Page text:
Television Aesthetics: Perceptual, Cognitive, and Compositional Bases

Television Aesthetics: Perceptual, Cognitive, and Compositional Bases

Television Aesthetics: Perceptual, Cognitive, and Compositional Bases

Television Aesthetics: Perceptual, Cognitive, and Compositional Bases


USE FIRST TWO PARAGRAPHS ONLY FOR GENERAL CATALOGS... This volume offers a response to three ongoing needs:

• to develop the main composition principles pertinent to the visual commmunication medium of television;

• to establish the field of television aesthetics as an extension of the broader field of visual literacy; and

• to promote television aesthetics to both students and consumers of television.

Based on effective empirical research from three axes -- perception, cognition, and composition -- the aesthetic principles of television images presented are drawn from converging research in academic disciplines such as psychology (perceptual, cognitive, and experimental), neurophysiology, and the fine arts (painting, photography, film, theater, music, and more). Although the aesthetics of the fine arts were traditionally built on contextual theories that relied heavily on subjective evaluation, on critical analyses, and on descriptive research methods, the aesthetics of today's visual communication media consider equally valuable empirical methodologies found in all sciences. Investigations in these different academic disciplines have provided the constructs and strengthened the foundations of the theory of television aesthetics offered in this book.

Special features include:

• a great variety of pictures supporting the topics discussed;

• a thorough, up-to-date, and specifically related bibliography for each of the major parts of the book;

• computer drawings illustrating the concepts examined in the text;

• scientific data -- tables and charts -- documenting the research findings cited;

• simplified explanations of the processes of visual, auditory, and motion perceptions of images, enhanced by specific diagrams;

• detailed analyses of the threefold process of stimulation, perception, and recognition of televised images; and

• workable, easy-to-understand and use rules of picture composition, visual image evaluations, and television program appreciation.


A few years ago it was inconceivable to consider television, particularly commercial television, a serious mass communication medium capable of presenting tasteful programs with unique artistic merits and recognized aesthetic qualities. The broadcasting industry that developed the television medium was not truly concerned with people's tastes, artistic expansions, and aesthetic awareness in their television programming. The industry's concern was mass distribution and mass consumption of television programs for huge profits. Knowledgeable electronic engineers, skillful media practitioners, and inspired business entrepreneurs worked hand in hand to develop the broadcasting industry as we know it today. Their backgrounds and motivations were driven mainly by science and technology. Their basic beliefs were practicality, economic gain, marketing, supply, and demand. Business and the desire for success dominated the actions taken by the pioneer developers of the broadcasting industry that Brandford (1987) called the "left brain oriented industry" (p. 36). This phenomenon that is not unique to our times, having occurred repeatedly over the history of media development in the Western world, had profound consequences and caused severe drawbacks in the field known today as television aesthetics. It took enormous efforts, perseverance, and persistence of media artists who are predominantly rightbrain oriented (Brandford, 1987) to become involved in broadcasting media, particularly in the new medium of television. As McLuhan (1978) observed, it took some time for the atrophic right brain of Western man to develop, to comprehend, and to recognize the media evolution of the 20th century. Gradually, artists already working in other media such as music, theater, and photography transferred their artistry to radio and television. They ex-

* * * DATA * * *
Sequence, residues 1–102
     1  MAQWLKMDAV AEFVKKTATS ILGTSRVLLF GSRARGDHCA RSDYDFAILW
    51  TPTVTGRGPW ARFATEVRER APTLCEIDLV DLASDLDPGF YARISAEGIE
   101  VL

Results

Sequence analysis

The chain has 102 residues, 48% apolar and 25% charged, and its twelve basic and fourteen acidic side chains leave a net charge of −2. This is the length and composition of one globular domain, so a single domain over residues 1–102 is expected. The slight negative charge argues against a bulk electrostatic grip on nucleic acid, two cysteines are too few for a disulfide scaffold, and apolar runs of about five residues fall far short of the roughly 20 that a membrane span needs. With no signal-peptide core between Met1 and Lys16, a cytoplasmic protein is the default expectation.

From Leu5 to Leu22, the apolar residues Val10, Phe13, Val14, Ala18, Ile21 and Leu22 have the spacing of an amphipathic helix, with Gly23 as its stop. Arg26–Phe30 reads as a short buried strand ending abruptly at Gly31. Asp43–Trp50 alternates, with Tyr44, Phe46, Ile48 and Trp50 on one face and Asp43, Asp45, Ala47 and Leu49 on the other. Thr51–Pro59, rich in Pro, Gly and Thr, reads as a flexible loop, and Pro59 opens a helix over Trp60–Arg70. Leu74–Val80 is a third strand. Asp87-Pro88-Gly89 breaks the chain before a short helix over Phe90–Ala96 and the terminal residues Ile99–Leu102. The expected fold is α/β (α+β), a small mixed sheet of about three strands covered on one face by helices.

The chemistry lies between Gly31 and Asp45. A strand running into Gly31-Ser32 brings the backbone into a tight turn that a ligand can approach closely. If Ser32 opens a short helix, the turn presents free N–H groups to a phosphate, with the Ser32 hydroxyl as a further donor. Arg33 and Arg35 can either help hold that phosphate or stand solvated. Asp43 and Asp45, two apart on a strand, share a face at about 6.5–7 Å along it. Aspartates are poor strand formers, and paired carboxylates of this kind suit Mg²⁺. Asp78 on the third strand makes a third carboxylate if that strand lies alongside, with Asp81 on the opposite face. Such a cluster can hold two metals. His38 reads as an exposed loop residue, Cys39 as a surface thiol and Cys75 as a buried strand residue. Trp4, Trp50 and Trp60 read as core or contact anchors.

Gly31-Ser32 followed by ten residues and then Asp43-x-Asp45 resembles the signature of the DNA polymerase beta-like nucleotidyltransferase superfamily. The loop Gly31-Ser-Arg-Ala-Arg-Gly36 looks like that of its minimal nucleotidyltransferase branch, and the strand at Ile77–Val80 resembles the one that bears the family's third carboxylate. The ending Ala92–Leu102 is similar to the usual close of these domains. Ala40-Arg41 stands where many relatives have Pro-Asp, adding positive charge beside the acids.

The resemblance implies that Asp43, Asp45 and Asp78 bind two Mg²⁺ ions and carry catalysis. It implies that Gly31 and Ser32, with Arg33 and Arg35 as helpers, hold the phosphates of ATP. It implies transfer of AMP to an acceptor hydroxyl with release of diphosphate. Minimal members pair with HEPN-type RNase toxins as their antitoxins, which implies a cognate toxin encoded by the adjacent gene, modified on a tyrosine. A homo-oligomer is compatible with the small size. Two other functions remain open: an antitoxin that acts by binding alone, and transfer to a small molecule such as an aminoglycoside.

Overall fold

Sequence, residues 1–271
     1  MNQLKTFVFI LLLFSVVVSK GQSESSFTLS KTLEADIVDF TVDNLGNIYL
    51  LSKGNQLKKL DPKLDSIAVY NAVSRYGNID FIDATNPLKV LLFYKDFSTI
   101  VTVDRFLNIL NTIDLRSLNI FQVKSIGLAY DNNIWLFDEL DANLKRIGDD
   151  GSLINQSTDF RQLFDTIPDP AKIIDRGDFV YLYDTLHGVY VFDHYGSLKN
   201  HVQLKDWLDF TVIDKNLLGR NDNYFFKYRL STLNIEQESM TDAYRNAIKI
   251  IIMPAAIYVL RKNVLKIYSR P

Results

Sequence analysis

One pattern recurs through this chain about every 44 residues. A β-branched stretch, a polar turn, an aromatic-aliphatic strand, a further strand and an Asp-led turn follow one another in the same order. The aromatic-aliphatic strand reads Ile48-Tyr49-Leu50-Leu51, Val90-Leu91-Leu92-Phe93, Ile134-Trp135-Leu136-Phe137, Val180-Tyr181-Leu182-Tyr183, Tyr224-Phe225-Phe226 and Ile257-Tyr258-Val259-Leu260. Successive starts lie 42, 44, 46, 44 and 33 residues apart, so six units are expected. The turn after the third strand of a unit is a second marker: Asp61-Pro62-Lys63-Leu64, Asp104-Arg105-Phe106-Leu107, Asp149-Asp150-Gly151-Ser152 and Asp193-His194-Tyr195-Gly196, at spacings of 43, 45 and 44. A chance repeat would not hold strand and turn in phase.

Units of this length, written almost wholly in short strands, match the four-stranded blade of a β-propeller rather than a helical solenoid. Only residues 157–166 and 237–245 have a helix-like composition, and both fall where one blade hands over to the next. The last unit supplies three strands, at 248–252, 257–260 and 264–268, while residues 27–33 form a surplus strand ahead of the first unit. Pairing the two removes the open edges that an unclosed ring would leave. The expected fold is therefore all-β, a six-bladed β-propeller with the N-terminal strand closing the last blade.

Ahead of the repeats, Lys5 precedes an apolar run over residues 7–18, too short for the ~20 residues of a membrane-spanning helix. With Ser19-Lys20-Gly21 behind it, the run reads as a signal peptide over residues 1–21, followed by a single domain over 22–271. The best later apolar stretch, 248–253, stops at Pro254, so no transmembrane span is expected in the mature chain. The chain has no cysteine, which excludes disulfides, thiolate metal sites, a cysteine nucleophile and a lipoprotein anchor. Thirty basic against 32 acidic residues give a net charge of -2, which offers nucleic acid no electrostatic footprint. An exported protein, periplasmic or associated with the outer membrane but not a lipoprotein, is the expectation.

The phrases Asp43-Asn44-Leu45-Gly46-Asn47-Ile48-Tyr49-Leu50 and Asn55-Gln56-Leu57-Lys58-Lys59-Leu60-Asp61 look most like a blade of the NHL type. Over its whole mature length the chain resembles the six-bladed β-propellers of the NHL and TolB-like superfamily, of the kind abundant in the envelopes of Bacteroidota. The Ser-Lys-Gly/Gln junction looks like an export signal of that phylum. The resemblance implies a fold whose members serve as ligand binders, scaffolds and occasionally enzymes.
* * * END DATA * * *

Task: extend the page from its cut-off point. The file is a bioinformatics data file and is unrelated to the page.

Search by... Author
Show... All Results Primary Sources Peer-reviewed


An unknown error has occurred. Please click the button below to reload the page. If the problem persists, please try again in a little while.